FTC to Require Western Digital to Sell off Assets in Acquisition
The U.S. Federal Trade Commission will require Western Digital to sell off assets used to manufacture desktop hard drives to a competitor as a condition of its US$4.5 billion acquisition of rival Hitachi Global Storage Technologies, the agency announced.
The deal, as originally proposed, would have left Western Digital as one of two companies that control the worldwide market for desktop hard disk drives, the FTC said. The agency announced a proposed settlement allowing the deal to go forward on Monday.
The deal was anticompetitive, the FTC said in a press release. "Protecting competition in the high-tech marketplace is a high priority for the FTC," Richard Feinstein, director of the FTC's Bureau of Competition, said in a statement. "This order will ensure that vigorous competition continues in the worldwide market for desktop hard disk drives, and that consumers are not faced with higher prices or reduced innovation as a result of this deal."
Western Digital announced last Tuesday that it had reached an agreement to sell off assets to competitor Toshiba as a way to address regulatory concerns. The agreement will enable Toshiba to manufacture 3.5-inch hard drives for the desktop and consumer electronics markets and will allow Toshiba to expand its manufacturing of 3.5-inch drives for the near-line storage market, Western Digital said then.
Western Digital also announced that it has agreed to purchase Toshiba Storage Device (Thailand), a hard drive manufacturing division that suspended operations after massive flooding in the country in 2011.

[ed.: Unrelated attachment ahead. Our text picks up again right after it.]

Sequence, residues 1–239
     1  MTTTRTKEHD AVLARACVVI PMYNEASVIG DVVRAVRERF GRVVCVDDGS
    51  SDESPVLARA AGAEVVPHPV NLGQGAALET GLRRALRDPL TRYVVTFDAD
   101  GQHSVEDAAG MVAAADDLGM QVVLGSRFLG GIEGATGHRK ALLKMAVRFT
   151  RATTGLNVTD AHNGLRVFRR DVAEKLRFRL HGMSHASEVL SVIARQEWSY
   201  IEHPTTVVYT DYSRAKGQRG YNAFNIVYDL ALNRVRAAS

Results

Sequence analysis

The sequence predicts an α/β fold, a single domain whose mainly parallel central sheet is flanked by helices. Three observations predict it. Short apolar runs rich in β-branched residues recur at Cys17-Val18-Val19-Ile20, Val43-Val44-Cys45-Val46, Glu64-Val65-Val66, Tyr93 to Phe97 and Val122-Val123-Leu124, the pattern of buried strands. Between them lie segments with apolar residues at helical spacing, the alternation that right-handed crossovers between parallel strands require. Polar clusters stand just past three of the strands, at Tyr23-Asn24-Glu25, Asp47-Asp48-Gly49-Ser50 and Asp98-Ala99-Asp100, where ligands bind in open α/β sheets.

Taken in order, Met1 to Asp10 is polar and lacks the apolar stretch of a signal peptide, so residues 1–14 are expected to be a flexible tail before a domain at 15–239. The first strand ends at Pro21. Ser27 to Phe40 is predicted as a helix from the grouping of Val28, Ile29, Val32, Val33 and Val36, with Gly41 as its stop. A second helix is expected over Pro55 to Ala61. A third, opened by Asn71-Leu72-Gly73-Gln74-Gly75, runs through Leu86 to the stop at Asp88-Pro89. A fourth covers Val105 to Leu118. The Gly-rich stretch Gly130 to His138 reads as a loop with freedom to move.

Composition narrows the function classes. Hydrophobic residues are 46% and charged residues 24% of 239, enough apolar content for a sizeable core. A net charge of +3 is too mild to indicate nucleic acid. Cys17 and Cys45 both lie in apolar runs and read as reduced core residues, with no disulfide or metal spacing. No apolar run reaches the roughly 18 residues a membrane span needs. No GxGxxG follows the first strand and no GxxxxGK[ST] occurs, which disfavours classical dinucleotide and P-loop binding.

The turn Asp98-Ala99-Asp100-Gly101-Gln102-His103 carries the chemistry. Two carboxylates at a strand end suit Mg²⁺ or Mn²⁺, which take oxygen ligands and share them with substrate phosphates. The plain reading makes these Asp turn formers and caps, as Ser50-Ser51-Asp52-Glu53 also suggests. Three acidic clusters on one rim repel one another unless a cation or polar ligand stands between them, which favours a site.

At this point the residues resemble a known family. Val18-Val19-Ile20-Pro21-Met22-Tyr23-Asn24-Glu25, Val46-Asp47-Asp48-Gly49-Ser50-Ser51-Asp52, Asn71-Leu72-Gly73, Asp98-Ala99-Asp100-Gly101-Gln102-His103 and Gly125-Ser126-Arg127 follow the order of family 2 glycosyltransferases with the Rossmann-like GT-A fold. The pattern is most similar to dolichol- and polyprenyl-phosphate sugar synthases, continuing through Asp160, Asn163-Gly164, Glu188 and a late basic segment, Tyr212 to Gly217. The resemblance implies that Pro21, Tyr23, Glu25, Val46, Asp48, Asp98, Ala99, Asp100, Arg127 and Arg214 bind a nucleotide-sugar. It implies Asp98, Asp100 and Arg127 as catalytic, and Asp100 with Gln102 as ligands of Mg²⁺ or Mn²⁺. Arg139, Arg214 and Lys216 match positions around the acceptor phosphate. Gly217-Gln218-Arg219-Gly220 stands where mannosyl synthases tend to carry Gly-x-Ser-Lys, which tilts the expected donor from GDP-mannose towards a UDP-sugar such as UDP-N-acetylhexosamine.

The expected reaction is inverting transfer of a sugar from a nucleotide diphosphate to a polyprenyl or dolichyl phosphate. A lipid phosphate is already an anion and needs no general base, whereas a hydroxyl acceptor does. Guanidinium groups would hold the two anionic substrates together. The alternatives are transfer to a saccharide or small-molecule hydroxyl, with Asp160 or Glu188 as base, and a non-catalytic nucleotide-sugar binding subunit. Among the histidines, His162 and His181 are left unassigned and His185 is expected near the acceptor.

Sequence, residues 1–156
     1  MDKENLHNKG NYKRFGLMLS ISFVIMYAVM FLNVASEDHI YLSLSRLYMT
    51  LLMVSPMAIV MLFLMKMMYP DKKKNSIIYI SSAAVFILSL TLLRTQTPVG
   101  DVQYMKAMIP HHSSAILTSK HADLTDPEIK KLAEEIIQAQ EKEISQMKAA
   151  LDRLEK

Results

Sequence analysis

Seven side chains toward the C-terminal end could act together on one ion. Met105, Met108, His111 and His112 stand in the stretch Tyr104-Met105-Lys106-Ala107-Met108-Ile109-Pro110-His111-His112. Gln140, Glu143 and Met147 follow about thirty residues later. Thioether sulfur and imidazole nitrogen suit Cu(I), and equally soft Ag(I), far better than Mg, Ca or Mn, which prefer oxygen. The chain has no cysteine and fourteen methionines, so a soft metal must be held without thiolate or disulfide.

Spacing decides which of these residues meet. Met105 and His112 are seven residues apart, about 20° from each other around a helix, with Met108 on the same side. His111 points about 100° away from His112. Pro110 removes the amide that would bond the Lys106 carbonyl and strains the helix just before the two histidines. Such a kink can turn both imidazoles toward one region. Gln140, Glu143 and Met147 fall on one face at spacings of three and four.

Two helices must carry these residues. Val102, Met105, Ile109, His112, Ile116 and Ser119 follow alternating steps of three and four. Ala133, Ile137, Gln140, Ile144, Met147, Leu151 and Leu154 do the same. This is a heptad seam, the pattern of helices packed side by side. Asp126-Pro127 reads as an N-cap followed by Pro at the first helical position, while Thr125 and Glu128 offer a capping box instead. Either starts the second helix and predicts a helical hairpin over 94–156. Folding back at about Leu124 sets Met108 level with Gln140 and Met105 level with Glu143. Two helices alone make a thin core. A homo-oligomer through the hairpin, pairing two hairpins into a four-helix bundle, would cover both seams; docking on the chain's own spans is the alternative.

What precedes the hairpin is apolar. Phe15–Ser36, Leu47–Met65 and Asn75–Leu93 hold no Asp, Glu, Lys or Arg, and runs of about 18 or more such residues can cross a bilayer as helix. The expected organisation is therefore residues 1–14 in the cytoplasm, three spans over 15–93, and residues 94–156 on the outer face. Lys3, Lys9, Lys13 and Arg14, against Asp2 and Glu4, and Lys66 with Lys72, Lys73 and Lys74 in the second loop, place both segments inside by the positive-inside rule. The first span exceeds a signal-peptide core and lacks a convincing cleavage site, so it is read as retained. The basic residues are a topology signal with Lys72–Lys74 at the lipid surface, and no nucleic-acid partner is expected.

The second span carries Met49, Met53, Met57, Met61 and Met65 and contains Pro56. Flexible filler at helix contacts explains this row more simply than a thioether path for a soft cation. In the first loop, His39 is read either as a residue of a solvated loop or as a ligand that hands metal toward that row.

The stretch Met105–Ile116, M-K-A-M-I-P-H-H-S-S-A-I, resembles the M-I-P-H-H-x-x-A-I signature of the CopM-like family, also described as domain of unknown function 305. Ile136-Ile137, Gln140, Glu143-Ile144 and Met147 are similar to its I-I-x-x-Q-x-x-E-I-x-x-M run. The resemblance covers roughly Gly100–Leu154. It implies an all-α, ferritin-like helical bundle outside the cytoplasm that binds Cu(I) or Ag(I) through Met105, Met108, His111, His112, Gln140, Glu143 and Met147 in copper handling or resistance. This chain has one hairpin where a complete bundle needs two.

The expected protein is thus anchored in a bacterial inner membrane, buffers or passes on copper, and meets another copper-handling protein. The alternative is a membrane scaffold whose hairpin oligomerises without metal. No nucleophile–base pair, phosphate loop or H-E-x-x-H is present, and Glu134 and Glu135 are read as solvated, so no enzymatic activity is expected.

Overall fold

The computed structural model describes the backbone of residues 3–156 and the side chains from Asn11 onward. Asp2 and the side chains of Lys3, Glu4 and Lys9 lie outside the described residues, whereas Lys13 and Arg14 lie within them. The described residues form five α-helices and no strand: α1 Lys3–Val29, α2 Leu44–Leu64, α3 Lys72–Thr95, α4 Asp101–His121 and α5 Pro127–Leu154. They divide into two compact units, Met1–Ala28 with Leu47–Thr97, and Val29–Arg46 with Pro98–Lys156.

The Toshiba transactions are conditional on Western Digital's closing of the Hitachi deal, the company said.
The FTC's proposed settlement order requires Western Digital to divest selected Hitachi Global Storage Technologies assets related to the manufacture and sale of desktop hard disk drives to Toshiba within 15 days of the acquisition. The time for the divestiture can be extended by 15 days, if necessary, to allow the companies to receive regulatory approval in other jurisdictions.
Western Digital announced a year ago that it planned to acquire Hitachi Global Storage Technologies -- now known as Viviti Technologies -- from Hitachi. The deal, as proposed, would have given Western Digital a larger share of the data center internal disk drive market. The company has largely focused in recent years on selling external hard drives for consumers.
At the time of the announcement, Western Digital held about 31 percent of the hard disk drive market, followed by Seagate Technology with 29 percent. Hitachi had about 18 percent of the market.
Grant Gross covers technology and telecom policy in the U.S. government for The IDG News Service. Follow Grant on Twitter at GrantGross. Grant's e-mail address is email@example.com.